"The Crane Husband" | Reviewed by Chris Stuckenschneider
I’ve long been a fan of author Kelly Barnhill because of her award-wining children’s books. “The Girl Who Drank the Moon” won the John Newbery Medal in 2017, followed by her equally engaging page-turner, “The Ogress and the Orphans”. Both are for young readers ages 9-12 and both were chosen as Book Buddy Picks.
Barnhill’s just-released offering for adults, “The Crane Husband” is a novella based on a Japanese folktale. It’s a book I didn’t want to pass up because of my admiration for Barnhill, even though that genre isn’t always my favorite.
I finished this 120-page book none the wiser for having read it. Did I like it? “Yes”—did I understand it, “No.” But I did race through it in a few hours, holding my breath at times, completely engaged because Barnhill is such a marvelous storyteller.
Though the premise of “The Crane Husband” is strange, I was hooked from the first page. “The crane came in through the front door like he owned the place,” the book begins. The book is narrated by an unnamed 15-year-old girl who looks back on the time when her mother had a torrid, abusive affair with a crane that suddenly appeared on their derelict Midwestern farm.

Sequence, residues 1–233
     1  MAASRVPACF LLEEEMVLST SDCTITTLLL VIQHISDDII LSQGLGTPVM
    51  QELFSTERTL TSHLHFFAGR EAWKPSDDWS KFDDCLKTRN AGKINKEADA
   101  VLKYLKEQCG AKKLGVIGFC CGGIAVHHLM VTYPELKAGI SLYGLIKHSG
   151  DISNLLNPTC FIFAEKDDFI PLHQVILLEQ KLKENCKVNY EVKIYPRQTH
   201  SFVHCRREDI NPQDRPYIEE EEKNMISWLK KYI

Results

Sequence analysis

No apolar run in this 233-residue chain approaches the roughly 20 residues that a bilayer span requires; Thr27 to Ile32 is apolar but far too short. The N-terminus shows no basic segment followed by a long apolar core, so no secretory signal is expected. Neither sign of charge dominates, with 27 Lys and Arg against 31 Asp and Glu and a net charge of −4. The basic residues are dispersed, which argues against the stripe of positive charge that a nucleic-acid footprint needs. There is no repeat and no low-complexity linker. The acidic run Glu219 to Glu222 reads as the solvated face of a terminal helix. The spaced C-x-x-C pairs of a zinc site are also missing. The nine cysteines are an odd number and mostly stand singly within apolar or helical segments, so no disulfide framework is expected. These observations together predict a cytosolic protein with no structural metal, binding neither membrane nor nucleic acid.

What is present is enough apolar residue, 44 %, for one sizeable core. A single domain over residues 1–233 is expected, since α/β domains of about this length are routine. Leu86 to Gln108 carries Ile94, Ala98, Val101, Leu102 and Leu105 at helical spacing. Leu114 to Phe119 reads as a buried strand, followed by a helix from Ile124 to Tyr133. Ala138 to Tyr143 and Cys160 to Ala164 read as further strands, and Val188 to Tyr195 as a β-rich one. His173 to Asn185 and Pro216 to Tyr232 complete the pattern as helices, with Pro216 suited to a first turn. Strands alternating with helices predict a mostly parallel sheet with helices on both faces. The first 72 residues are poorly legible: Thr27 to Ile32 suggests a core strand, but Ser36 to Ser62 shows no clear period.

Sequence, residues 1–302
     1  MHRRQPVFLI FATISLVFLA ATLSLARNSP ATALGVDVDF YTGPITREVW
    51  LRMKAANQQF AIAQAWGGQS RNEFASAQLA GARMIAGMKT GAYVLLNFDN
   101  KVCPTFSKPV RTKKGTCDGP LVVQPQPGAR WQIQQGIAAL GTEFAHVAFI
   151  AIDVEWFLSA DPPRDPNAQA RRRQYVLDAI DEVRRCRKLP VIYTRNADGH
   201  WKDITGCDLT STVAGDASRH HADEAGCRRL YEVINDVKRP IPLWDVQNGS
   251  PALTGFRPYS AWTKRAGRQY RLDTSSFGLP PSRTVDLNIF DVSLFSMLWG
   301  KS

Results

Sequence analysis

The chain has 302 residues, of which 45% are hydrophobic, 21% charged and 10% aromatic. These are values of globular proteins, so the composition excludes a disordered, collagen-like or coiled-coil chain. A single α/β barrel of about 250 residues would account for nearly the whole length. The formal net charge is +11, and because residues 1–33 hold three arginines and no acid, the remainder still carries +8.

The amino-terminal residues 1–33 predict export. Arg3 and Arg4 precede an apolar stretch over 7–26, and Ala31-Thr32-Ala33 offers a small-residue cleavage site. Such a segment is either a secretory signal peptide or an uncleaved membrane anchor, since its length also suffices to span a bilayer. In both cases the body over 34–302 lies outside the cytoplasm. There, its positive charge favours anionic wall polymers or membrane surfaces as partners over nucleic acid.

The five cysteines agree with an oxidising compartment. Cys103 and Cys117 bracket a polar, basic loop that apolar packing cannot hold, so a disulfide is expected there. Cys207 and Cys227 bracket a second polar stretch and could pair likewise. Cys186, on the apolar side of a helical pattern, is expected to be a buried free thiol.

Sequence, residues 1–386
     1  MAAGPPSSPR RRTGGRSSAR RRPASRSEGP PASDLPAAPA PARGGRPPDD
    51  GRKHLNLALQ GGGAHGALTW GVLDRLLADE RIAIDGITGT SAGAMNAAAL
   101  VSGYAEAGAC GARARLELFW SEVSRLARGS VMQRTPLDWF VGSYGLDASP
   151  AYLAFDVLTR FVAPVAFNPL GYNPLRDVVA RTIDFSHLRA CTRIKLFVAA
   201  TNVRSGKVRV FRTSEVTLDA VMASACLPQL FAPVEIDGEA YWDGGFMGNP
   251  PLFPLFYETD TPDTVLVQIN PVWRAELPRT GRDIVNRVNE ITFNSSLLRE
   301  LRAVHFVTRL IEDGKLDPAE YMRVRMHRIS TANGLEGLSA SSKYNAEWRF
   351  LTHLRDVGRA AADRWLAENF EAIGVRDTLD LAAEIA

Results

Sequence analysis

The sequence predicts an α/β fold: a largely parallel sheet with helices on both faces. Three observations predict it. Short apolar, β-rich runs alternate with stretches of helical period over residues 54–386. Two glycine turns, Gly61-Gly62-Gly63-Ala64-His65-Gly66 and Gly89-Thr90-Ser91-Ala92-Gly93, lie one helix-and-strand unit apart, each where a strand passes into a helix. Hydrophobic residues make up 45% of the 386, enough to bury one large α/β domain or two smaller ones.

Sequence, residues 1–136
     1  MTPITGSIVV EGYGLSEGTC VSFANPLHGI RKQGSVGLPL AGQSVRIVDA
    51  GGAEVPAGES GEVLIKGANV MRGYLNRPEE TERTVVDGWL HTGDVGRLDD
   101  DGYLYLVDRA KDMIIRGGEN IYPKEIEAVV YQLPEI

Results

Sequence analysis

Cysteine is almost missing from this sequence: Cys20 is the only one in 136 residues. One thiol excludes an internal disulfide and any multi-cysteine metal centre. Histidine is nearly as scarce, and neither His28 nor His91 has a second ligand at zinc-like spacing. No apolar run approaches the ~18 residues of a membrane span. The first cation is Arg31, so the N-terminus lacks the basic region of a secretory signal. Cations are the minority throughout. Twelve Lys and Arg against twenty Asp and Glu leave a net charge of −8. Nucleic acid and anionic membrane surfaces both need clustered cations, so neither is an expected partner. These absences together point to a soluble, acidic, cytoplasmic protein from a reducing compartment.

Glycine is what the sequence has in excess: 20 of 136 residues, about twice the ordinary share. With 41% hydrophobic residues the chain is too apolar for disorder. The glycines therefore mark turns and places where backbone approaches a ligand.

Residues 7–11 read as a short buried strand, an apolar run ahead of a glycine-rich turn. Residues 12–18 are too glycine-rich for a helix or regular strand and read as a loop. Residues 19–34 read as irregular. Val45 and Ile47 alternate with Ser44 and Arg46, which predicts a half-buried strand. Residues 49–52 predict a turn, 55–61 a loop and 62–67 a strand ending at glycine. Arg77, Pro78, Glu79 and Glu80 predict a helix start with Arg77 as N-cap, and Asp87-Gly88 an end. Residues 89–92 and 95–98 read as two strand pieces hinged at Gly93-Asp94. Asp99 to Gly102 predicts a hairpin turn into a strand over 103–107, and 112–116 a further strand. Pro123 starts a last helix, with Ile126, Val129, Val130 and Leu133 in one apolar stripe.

The mother is an artist, a gifted weaver, a widow whose husband died six years ago, which wasn’t supposed to happen. Men always lived, but women on farms like theirs fly away like birds, leaving their families.
Once the crane appears, the mother introduces him to her daughter, and the girl’s younger brother, who is six, explaining the crane is her husband and they are to call the crane “father”. The crane and the woman are immediately affectionate in front of the children, but seeds of suspicion appear in the daughter’s mind when she notices a spot of blood on her mother’s neck. The girl hears noises through the mother’s door, and realizes at times the crane transforms itself into a man then back into a crane again.
The girl is perplexed by this incredible turn of events, and though she disagrees with what her mother is doing, she takes over the care of her brother, cooking for him, with the meager food their mother provides, running the farm and making sure the boy gets to school. As she does, her mother’s body shows increasingly severe signs of the mistreatment she gets at night, sounds the children hear, but are unable to prevent. Until the girl can’t stand it any longer…
“The Crane Husband” certainly got me out of my genre-box—the book is different than anything I’ve ever read—it’s dark, addictive and laden with desperate emotion, a fantasy certain to prompt lively discussion.